Tuesday, December 13, 2005

Not all slippery slopes in Colorado are at the ski resorts

Something interesting occurred in Denver, Colorado the other day -- a physician was arrested and charged with manslaughter. This is not a typical case of jealousy, financial problems, an auto accident, etc. He was arrested for something he did in the care of a patient. Obviously, all of the facts of the case are not well known, but there has been some new information come to light since the original charges were filed and noted in the news.

The physician, Dr. Greg Hogle, is a 56-year-old Denver ENT specialist. He was referred a patient with a tracheostomy tube in place, and saw her on April 8, 2005.

(another physician) referred the case to Hogle after concluding the patient likely needed surgery to repair blockage, court records show. She sent images of the blockage with the medical records. But Hogle told investigators that the patient was accompanied by a woman who had trouble translating from Russian to English. The doctor decided based on his examination to remove the tracheostomy tube, records show.
The patient, Khusni Yusupova, age 46, developed swelling at the tracheostomy site and therefore difficulty breathing after she left Dr. Hogle's office. She was taken to the hospital, but suffered significant anoxic brain injury before a new tracheostomy tube could be placed. She was taken off life support and died two days later.

So, what happened? Without the records, it's difficult to speculate; it does seem, however, that this patient had upper airway obstruction and was not able to breathe without a tracheostomy.
According to the Denver Medical Examiner report, the only way she could have breathed at the time of her death is through her neck.
It also appears that the treating physician did not adequately review the patient's history and records; the history was likely difficult to obtain due to translation issues.
Denver Police say Dr. Hogle admitted he removed the tube without reviewing Yusupova's medical records, which she had brought to the appointment.
So, based upon his examination, Dr. Hogle decided that it was safe to remove the tube -- this presumably involved an examination of the upper airway with a determination that it was patent enough to allow breathing through the mouth and nose, with no obstruction to air flow. He was wrong, and admits he made an error in judgement:
Hogle admitted to police, "I made a serious mistake." He went on to tell police, "she did need the tube for her airway...because she had an obstructed airway, it means she did need the tube and I made a mistake."
Criminal charges might seem to be unthinkable in delivery of medical care, but actually occur -- including relatively recently in Colorado.
In a highly publicized case, a Denver anesthesiologist was charged with manslaughter after prosecutors alleged he fell asleep during a routine surgery in 1993 at St. Joseph Hospital. The patient, an 8-year-old boy, died during the operation. After two manslaughter trials, the doctor, Joseph Verbrugge, was ultimately convicted of a misdemeanor, but that conviction was later thrown out on appeal. He was stripped of his medical license.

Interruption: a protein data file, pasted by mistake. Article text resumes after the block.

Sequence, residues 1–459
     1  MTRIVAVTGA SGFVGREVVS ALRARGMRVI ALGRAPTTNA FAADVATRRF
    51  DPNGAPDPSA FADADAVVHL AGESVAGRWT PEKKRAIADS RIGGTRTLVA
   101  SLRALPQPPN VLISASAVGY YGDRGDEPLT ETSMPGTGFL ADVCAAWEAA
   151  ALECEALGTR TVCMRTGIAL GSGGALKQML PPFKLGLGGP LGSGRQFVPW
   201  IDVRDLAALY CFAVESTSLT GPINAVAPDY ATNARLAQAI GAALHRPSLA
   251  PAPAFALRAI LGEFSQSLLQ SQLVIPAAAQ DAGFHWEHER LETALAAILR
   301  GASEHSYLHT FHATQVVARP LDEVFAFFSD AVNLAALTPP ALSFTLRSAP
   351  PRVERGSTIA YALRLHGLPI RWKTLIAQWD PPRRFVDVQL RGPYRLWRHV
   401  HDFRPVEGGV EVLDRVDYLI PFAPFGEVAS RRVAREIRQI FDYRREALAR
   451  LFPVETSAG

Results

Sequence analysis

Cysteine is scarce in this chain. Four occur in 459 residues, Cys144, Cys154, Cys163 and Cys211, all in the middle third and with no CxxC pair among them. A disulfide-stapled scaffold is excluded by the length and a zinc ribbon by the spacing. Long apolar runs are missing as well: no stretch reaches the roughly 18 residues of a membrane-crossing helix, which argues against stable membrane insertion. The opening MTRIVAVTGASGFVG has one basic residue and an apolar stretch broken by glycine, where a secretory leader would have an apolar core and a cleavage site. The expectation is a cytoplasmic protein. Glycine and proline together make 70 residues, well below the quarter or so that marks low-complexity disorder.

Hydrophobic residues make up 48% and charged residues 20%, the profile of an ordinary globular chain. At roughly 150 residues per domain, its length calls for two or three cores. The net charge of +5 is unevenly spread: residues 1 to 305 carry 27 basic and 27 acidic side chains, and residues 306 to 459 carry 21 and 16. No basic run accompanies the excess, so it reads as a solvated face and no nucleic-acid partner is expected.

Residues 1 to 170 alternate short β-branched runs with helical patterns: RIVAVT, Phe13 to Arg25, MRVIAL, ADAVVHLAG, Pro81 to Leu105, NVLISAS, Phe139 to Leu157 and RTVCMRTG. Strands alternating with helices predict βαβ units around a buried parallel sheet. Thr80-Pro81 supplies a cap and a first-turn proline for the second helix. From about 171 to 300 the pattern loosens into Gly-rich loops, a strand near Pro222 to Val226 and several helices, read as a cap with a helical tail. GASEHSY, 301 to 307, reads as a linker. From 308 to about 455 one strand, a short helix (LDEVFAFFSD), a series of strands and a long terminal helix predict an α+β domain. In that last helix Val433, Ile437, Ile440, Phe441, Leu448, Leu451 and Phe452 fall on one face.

But there are other wrinkles to this case. To muddy the waters further, the coroner ruled the death a suicide. Why? Be cause this relatively young lady had a tracheostomy and an obstructed upper airway as a result of an attempt to take her own life.
The report doesn't dispute that Dr. Hogle's decision played a role in the death. However,the report reveals that the reason Yusupova had the tracheostomy tube in the first place was because she had " ... Ingest(ed) ... A caustic liquid (concentrated acetic acid) in a suicide attempt months earlier." Therefore, the coroner ruled "the manner of death is suicide."
What is interesting to me is the apparent lack of involvement by the Board of Medical Examiners, with criminal charges being filed before the BME has made even preliminary recommendations public. Under most circumstances, cases that appear to be egregious failures of judgement and care are rapidly dealt with by the Board. That process allows a complete review of the medical issues and facts, so that an appropriate action can be taken (see the case above where despite the anesthesiologist not being convicted, he was stripped of his license).

While I do not have at my disposal all of the case data, the fact that criminal charges have been filed, for an error in judgement in the delivery of medical care, is worrisome to me. All physicians make errors, just like the remainder of humanity. What about this case rises to the level of criminality? And as we stand atop that slippery slope, that is the crux of the issue. When I or one of my colleagues makes an error in judgement that results in death, will we too be criminally charged?

UPDATE: Colorado Medical Society President Dr. Rick May issued this statement about the charges against Dr. Hogle:
"In medical practice, bad things can happen to good people, and good doctors can and do make mistakes. These are not purposeful assaults. They are errors, however rare, that we all work very diligently to prevent. Medical mistakes are not criminal, clear and simple, and should never be dumped in the criminal justice system. Colorado's civil justice system allows our patients broad rights to seek redress through the courts, and the State Medical Board has full legal authority to discipline an errant physician, including license revocation."